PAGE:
Introduction: DIY FM Transmitter
With this circuit since it does not require you to wound your own inductor or use a trimmer and spend hours in tuning your circuit to make it work properly. In this project, you will learn How an FM Transmitter Works and how you can build your own with subtle components. We are adopting the circuit given by Tony Van Roon given in the book “Circuits for Hobbyists” (Page 75). This is an excellent book to start with if you want to do some tinkering with electronics.
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Note: Generating Frequencies that could affect your FM band or any other communication band might be considered against the law in your country. Kindly use this circuit for education purpose only and make sure your signal is not too strong to disrupt any communication near you. For any mishaps, neither the website nor the author can be held responsible.
Step 1: Working of a FM Transmitter
The FM transmitter is a single transistor circuit. In the telecommunication, the frequency modulation (FM) transfers the information by varying the frequency of the carrier wave according to the message signal. Generally, the FM transmitter uses VHF radio frequencies of 87.5 to 108.0 MHz to transmit & receive the FM signal. This transmitter accomplishes the most excellent range with less power.
The following circuit diagram shows the FM transmitter circuit and the required electrical and electronic components for this circuit is the power supply of 9V, resistor, capacitor, trimmer capacitor, inductor, mic, transmitter, and antenna. Let us consider the microphone to understand the sound signals and inside the mic, there is a presence of a capacitive sensor. It produces according to the vibration to the change of air pressure and the AC signal.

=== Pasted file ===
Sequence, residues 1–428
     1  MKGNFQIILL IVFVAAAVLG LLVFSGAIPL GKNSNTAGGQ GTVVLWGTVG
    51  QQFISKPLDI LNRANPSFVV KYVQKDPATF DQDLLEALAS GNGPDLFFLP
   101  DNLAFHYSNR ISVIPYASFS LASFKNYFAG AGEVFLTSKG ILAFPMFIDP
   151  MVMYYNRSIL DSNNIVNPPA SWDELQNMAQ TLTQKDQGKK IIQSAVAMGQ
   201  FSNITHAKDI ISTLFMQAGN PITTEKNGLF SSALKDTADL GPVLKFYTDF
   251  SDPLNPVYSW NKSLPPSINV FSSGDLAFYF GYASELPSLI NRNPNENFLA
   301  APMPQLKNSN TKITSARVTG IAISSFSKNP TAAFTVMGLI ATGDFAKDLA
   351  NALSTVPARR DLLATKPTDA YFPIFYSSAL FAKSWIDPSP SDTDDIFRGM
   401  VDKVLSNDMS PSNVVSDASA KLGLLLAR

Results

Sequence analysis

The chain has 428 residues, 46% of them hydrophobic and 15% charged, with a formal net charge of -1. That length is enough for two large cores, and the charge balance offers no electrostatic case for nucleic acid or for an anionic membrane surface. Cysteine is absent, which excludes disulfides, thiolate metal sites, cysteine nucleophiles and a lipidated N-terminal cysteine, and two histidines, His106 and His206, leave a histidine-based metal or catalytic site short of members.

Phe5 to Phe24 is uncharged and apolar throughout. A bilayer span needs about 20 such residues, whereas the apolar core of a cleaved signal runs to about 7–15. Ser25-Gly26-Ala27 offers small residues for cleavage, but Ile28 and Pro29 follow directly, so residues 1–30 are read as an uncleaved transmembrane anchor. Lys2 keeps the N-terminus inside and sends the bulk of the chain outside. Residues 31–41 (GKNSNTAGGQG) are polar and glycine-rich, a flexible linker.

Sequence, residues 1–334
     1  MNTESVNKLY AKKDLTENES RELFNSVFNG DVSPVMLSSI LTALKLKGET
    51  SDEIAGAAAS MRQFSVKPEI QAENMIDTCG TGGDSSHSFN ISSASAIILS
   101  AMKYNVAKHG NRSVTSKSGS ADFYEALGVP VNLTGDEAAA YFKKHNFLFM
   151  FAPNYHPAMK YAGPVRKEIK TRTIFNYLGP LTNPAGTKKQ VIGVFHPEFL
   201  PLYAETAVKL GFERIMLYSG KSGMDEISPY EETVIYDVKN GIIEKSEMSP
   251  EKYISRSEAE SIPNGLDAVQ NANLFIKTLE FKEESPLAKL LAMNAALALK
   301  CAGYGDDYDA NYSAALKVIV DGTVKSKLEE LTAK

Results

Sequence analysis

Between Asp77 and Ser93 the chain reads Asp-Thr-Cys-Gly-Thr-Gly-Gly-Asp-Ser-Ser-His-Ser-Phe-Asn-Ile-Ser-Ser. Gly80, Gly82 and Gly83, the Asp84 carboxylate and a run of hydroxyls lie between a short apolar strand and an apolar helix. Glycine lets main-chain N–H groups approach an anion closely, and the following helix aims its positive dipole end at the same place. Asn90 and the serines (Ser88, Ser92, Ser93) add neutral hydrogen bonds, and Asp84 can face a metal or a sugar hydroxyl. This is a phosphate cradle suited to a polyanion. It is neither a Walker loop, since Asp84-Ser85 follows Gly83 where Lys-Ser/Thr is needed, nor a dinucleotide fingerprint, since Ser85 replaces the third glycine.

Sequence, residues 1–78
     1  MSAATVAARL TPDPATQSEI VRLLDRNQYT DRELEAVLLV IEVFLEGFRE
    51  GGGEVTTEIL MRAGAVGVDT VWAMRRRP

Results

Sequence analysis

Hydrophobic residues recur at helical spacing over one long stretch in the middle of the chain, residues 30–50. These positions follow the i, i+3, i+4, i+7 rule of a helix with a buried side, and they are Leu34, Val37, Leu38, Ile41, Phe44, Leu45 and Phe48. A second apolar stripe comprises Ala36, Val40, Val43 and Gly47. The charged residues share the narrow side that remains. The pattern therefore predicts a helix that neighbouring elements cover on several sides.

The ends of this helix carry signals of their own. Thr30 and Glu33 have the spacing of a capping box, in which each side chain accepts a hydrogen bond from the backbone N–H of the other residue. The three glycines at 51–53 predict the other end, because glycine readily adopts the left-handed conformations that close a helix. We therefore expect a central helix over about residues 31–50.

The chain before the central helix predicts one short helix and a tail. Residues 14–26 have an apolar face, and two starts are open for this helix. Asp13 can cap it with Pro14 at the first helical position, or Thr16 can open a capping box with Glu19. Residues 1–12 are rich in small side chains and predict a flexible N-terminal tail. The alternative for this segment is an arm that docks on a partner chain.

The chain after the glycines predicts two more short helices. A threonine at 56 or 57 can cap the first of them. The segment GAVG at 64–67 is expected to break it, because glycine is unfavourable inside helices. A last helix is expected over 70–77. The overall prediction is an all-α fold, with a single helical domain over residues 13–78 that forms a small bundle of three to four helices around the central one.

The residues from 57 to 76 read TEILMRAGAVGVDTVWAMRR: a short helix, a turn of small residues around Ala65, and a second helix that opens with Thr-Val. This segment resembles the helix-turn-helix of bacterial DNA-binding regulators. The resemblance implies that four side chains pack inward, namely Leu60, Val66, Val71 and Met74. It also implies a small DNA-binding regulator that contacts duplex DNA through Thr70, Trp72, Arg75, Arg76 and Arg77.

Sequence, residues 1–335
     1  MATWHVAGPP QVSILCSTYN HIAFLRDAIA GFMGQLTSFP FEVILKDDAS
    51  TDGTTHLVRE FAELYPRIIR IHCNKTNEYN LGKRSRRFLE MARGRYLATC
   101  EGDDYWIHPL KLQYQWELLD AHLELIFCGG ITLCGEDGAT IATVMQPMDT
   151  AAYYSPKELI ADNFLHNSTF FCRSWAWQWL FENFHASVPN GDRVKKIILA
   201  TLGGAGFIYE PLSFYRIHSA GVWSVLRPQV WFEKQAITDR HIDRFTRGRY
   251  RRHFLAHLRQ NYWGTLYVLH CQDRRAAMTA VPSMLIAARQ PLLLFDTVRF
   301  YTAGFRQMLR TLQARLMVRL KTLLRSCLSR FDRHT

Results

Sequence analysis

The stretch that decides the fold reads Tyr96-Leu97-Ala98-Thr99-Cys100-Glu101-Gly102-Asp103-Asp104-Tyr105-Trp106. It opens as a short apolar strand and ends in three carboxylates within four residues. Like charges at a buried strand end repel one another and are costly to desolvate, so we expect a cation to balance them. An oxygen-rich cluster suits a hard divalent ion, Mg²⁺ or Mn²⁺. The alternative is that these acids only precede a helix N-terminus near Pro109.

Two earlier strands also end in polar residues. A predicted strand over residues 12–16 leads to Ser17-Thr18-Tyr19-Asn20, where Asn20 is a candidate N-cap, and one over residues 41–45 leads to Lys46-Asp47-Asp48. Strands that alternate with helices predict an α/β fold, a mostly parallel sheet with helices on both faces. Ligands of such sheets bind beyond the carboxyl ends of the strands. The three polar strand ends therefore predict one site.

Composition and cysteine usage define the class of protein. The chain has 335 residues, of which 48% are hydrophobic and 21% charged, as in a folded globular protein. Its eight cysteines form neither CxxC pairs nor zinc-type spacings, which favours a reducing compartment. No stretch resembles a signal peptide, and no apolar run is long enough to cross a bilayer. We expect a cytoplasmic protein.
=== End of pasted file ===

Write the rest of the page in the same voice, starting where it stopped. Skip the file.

In our circuit, the Audio Signal is given by phone or iPod instead of a microphone. The Pre-Amplification is done using the LM386 Audio Amplifier IC. The 74LS138 along with 22 pf capacitor acts as a Tank circuit which produces a strong carrier frequency and modulates it with our amplified audio signal like the 0.1 uH inductor. We do not have an RF-Amplifier in our circuit, but it can be added if you need to achieve a higher range.
Step 2: Circuit Diagram
It can be built on a breadboard or soldered to a Perf board. The complete circuit can be powered using a 9 V Battery. If you are using an adaptor to power it makes sure you add filter capacitor to reduce the noise from switching. The circuit uses an LM386 Audio amplifier which acts as a Pre-Amplifier, this IC amplified the audio signals from the audio device and feeds it to the Oscillating circuit.
The Oscillating circuit should have an Inductor and a Capacitor. In our project, the IC 74LS13 which is a 4-Input NAND gate Schmitt Trigger is designed to oscillate at 3rd order Harmonics which is around 100 MHz. A filter capacitor across the power rails of the IC is very important to make it work.
The 3.5 mm Audio Jack has three terminals in which are for channel L, channel R, and Ground. We short the channel pins so that it becomes mono channel as shown in the picture below and connect it to pin 3 and ground is connected to pin 2 of LM386.
Step 3: Tuning Into the Right Frequency
Thanks to the approach given by Tony Van Roon tuning this FM Transmitter circuit is very easy compared to other circuits since it does not have an Inductor or a trimmer. To start with simply power on the circuit and connect the speaker to the circuit as shown in the circuit above. Now connect the iPod or any audio device to the 3.5 mm jack and play the music. You should be able to hear your audio through the speaker. If not the problem should be with your LM386 connections. If the audio can be heard, disconnect the speaker and proceed with the tuning process.
Use a Radio with tuner and start turning your knob to know at which frequency your oscillator is broadcasting. The best way is to check around 100 MHz as it would most likely work around this frequency. Keep your volume at your maximum and tune slowly till you can hear the song that is being played through your audio source.
You can try the following if you hit a wall:
- If you hear a strange noise at a particular frequency and want to find to if this is your oscillator frequency. Simply turn off the circuit and turn in again, your radio should produce a crackling noise if the frequency is correct.
- Extend the antenna of your radio to its full length and place it close to the circuit initially.
- Change the operating voltage within 4.5 to 5 V to change the frequency at which you are broadcasting because sometimes your frequency might have clashed with another popular FM band.
- (Totally optional) If you have a variable capacitor of range 0-22 pf you can replace the 22 pf cap with this trimmer and try changing its values.
Once you find out at which frequency you are working you can position the antenna in the right direction and enjoy your broadcasted music. Hope you got the project working.